and this:

“Christian thinkers must always purify their faith in the fires of reason. From neuroscience we can learn the meaning of the characteristics of rationality and freedom that in the abstract we believe epitomize the divine image, while evolutionary biology can shed light on the design and natural teleology of the human sexuality.”

… are enough to make anyone who has studied post-Kantian philosophy (or even most contemporary theology) cringe.

This is 2010. The metaphysics underlying the ideas posited in this post are laughable. You would be well-served by reading some Rorty (Contingency, Irony, and Solidarity or Philosophy and the Mirror of Nature would be worth your while), or John McDowell, or really any prominent figure in post-Nietzschean philosophy.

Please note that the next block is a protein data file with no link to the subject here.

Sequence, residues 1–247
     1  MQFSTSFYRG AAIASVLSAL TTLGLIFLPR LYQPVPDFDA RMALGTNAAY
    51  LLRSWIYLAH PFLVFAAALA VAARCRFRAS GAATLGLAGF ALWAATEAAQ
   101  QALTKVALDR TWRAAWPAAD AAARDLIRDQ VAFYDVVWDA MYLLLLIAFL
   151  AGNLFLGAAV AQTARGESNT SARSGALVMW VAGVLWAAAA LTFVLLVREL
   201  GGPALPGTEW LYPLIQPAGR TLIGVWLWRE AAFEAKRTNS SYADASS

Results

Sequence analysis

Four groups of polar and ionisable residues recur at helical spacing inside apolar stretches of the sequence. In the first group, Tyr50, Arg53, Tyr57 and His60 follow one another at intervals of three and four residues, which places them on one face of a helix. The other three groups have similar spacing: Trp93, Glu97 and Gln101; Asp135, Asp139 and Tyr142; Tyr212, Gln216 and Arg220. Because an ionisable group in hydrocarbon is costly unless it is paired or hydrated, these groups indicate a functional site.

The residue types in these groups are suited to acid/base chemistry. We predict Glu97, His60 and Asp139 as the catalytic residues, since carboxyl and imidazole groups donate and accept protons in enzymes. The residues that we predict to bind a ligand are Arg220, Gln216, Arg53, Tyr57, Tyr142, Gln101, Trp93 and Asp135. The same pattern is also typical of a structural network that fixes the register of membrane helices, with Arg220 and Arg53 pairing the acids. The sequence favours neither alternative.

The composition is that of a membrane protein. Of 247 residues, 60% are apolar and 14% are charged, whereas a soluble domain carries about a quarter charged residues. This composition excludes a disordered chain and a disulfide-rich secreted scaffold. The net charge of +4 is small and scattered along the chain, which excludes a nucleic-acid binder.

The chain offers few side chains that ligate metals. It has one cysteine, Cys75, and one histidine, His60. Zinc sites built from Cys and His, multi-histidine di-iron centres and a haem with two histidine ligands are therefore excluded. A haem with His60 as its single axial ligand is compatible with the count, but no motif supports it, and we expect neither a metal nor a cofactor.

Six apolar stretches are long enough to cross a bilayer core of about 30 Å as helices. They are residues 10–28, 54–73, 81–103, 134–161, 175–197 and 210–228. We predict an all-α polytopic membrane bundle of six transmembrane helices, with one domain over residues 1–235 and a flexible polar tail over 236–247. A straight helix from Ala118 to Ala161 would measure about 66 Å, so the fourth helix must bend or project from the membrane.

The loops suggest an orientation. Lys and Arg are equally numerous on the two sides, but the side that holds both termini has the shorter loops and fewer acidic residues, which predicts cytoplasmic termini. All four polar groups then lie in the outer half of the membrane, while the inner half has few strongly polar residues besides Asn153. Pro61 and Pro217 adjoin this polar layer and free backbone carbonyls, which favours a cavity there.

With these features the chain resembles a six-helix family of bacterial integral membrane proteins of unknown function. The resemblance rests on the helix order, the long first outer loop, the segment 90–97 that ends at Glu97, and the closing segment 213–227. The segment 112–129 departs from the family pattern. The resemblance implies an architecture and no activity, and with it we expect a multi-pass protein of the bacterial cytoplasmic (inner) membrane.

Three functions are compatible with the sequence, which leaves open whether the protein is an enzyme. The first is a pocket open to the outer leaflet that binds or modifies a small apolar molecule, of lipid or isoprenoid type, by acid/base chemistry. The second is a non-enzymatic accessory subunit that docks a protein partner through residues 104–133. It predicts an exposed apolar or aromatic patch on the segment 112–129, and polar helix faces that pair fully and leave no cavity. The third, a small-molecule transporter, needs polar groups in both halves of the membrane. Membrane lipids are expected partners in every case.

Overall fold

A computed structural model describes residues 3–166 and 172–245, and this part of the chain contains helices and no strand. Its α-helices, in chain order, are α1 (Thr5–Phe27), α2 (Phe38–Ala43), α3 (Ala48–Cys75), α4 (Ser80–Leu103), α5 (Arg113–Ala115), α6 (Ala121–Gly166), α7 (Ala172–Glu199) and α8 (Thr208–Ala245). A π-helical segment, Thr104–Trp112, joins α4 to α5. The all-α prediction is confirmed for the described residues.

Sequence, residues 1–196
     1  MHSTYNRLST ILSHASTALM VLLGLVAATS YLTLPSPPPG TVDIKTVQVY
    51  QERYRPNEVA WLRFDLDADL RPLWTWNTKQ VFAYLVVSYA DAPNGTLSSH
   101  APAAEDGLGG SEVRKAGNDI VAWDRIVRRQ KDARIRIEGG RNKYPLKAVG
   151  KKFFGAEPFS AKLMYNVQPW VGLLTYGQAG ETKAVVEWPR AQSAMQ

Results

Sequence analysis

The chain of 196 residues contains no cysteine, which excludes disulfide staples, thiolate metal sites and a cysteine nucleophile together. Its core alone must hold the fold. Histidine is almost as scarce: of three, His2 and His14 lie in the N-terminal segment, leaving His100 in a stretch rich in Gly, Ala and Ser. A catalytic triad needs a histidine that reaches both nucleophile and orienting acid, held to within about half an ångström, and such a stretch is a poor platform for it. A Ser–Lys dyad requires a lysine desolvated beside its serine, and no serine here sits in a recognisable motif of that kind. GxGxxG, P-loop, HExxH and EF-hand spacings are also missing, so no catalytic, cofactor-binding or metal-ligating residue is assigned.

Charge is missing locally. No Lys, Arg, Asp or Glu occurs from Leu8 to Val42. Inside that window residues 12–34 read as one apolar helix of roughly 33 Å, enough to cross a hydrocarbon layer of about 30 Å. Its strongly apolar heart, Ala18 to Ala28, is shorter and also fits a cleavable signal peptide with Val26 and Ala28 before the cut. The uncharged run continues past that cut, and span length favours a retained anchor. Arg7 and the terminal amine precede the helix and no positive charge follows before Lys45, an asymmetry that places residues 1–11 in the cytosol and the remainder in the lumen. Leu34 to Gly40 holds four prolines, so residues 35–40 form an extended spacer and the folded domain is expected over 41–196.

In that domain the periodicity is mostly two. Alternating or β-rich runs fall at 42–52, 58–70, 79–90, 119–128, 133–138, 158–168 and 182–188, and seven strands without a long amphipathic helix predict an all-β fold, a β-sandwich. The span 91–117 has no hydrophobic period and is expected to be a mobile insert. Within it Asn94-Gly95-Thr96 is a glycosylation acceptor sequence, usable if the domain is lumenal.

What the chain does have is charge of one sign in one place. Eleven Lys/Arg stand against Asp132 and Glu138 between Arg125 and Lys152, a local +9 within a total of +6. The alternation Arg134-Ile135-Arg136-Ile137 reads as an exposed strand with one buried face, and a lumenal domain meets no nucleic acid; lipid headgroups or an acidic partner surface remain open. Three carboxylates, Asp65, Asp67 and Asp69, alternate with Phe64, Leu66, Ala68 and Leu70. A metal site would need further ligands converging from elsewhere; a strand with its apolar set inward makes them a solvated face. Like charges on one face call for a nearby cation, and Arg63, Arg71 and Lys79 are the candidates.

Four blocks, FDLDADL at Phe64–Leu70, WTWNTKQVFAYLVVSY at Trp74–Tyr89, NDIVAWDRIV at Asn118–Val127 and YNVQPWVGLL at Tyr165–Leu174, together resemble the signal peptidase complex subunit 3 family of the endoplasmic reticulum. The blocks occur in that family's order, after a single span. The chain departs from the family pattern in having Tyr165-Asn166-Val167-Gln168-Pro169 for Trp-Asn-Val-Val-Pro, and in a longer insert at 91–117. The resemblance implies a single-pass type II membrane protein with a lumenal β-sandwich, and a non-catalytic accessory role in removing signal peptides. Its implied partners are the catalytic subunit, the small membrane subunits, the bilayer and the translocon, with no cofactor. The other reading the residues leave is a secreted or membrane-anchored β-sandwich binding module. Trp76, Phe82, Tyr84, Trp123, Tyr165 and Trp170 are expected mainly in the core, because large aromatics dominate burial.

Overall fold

8 Charlie May 30, 2010 at 4:21 pm

Dan,

Thank you for your comment. Unfortunately, I’m not quite sure how to engage you in a constructive dialogue. Calling my ideas laughable without further explanation doesn’t give me much to work with.

Charlie

9 comment May 31, 2010 at 4:37 pm

I said before that I had problems with natural law theory but didn’t want to go into it, but from Dan’s post (which I agree with in content but not in tone…) now I’m kind of curious to see how this goes.

To bring up Hume again: The cause or author of nature (God) greatly exceeds anything that actually occurs in nature. If morality was really based on acting in accordance with one’s nature, then that nature must be capable of being determined by simply observing nature. If there is something that religion tells us about our nature that we cannot notice without religion, then it seems to simply be false.